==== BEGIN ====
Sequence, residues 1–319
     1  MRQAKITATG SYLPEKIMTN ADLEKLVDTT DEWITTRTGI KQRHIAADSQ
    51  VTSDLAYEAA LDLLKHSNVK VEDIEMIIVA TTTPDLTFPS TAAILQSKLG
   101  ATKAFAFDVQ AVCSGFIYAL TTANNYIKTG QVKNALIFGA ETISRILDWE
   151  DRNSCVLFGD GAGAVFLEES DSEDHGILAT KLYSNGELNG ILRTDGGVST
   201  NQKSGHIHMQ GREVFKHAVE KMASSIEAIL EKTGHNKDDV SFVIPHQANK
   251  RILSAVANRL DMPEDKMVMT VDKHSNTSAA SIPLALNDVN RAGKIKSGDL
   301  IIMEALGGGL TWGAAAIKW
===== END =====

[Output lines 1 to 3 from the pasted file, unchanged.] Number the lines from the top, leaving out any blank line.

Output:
Sequence, residues 1–319
     1  MRQAKITATG SYLPEKIMTN ADLEKLVDTT DEWITTRTGI KQRHIAADSQ
    51  VTSDLAYEAA LDLLKHSNVK VEDIEMIIVA TTTPDLTFPS TAAILQSKLG